Swift Science and Technology Centre
- McBride Charles Ryan
The Swift Science and Technology Centre strives to inspire girls about the power of STEM that surrounds us. The building’s curved form is generated through pure geometry; a cylinder tilted and trimmed, illustrating the simple patterns behind complex outcomes and the interconnection between science and nature. The Centre balances tradition and progression through contrasting facades; the southern façade’s modest yet intricate brick patterning respectfully acknowledges the school’s existing buildings; while the northern façade, gently framing the campus buildings, symbolises progression. This contrast reminds students how STEM is a balance of looking to the past and future, balancing nature and innovation.
The building’s curved form is generated through pure geometry; a cylinder tilted and trimmed, illustrating the simple patterns behind complex outcomes. The building’s form reflects an adaptation to its landscape: the Centre’s positioning shields the adjacent sport field from coastal winds while the double-height northern façade faces downwards to minimise direct sunlight without compromising daylight and views.
The building is also awash with STEM imagery, encouraging students to associate STEM theory directly with their environment. Internally, the botanical ceiling patterning references both biology as well as Edna Walling’s original garden, celebrating her pioneering work as a successful woman.
The brief was to design a STEM building. With a sustained downward trend of women engaged in STEM fields, schools play a critical role in encouraging girls to enter the pipeline early. The new Centre, building upon the original campus’ legacy, strives to inspire girls about the power of STEM and prompt them to reconsider their abilities within STEM disciplines.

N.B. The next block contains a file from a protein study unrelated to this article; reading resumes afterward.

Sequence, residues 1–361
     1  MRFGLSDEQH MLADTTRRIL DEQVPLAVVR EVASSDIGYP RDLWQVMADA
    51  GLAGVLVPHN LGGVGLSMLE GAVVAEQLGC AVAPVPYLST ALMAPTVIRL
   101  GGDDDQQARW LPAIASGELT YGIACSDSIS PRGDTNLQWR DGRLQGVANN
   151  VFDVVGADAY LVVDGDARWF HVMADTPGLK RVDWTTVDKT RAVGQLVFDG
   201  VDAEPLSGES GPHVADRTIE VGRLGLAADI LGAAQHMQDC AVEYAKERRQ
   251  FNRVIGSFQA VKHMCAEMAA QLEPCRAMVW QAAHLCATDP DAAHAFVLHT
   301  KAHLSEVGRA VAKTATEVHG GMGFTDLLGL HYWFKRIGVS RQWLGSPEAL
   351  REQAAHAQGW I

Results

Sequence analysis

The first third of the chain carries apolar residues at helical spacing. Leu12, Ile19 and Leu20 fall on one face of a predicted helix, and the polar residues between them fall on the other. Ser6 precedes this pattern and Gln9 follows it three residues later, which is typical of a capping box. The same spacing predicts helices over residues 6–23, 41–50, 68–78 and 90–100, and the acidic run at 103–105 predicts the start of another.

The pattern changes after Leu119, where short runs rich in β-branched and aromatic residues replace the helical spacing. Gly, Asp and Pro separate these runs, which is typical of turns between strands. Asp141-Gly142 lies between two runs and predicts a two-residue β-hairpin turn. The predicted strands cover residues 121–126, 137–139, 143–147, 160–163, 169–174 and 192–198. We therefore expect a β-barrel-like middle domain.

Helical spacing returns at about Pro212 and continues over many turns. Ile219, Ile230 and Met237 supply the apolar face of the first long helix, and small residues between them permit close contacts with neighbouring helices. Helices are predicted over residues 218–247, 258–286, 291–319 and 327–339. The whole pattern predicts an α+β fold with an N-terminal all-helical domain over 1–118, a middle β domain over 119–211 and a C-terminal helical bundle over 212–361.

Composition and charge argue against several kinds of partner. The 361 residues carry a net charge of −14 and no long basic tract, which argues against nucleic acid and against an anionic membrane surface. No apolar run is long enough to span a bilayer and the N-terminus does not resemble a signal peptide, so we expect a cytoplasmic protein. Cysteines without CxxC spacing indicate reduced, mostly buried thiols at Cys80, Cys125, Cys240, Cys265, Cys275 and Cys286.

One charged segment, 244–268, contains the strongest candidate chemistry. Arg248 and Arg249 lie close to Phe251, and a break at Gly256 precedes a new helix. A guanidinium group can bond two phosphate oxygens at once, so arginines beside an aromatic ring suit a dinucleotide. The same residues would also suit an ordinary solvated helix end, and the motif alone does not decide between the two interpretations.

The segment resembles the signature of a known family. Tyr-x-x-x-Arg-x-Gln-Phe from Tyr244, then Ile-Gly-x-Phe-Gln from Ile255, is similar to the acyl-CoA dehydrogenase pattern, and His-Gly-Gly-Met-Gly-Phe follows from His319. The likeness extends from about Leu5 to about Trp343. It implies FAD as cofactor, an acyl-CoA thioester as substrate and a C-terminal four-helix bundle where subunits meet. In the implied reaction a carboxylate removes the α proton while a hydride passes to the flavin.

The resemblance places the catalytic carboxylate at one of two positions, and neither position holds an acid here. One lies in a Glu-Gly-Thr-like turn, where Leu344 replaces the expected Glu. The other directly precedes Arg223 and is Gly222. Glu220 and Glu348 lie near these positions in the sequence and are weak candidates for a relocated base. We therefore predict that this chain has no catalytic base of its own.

Prior to the opening of the Centre, Toorak College noted a 15% increase in student enrolments, demonstrating the infinite potential of educational architecture. The new boardroom is also designed for student access, setting students up for success through familiarity.
At establishment, the school left a legacy of high-quality design: originating from a masterplan by Hudson & Wardrop and landscaping by Edna Walling, the school features brick quadrangles interwoven with grass-surrounded long-walks through the campus.
The new Centre is a considered and respectful response to the existing campus. Through its formal and material expression, the Centre is continually looking forwards and back, combining tradition with progression. Spotted gum timber is married with complex brick patterning and aluminium panelling. Further, the ceiling patterning combines floral and biological patterns, referencing Edna Walling’s original garden and the mathematical patterns behind natural formations.
The configuration of learning spaces was given great consideration. Within each lab, traditional student-teacher hierarchies are challenged: student desks are interspersed with teaching tables, encouraging teachers to roam, creating a fluid learning environment. Colour gently subdivides classrooms between theoretical and practical spaces. As STEM disciplines become increasingly siloed, the centre reconnects the Digi Room, Physics, Chemistry and Biology Labs along a core streetspace adjacent to the curved façade. Lab activities spill out onto the streetspace while seating encourages informal learning and collaboration. Bookend entrances ingrain the streetspace into the campus’ network of long-walks, fostering collaboration between users and passers-by.
Much like how natural forms arise due to environmental conditions, the building’s form reflects an adaptation to its landscape: the northern façade is angled downwards, minimising direct sunlight exposure and glare without compromising on daylight and maintaining sweeping views of the adjacent sport field. Further, the building’s positioning and mass helps protect the sports field from coastal winds. On the Southern façade, reduced glazing minimises heat loads while the brick wall acts as thermal massing. The rooftop solar is hoped to meet the building’s energy needs.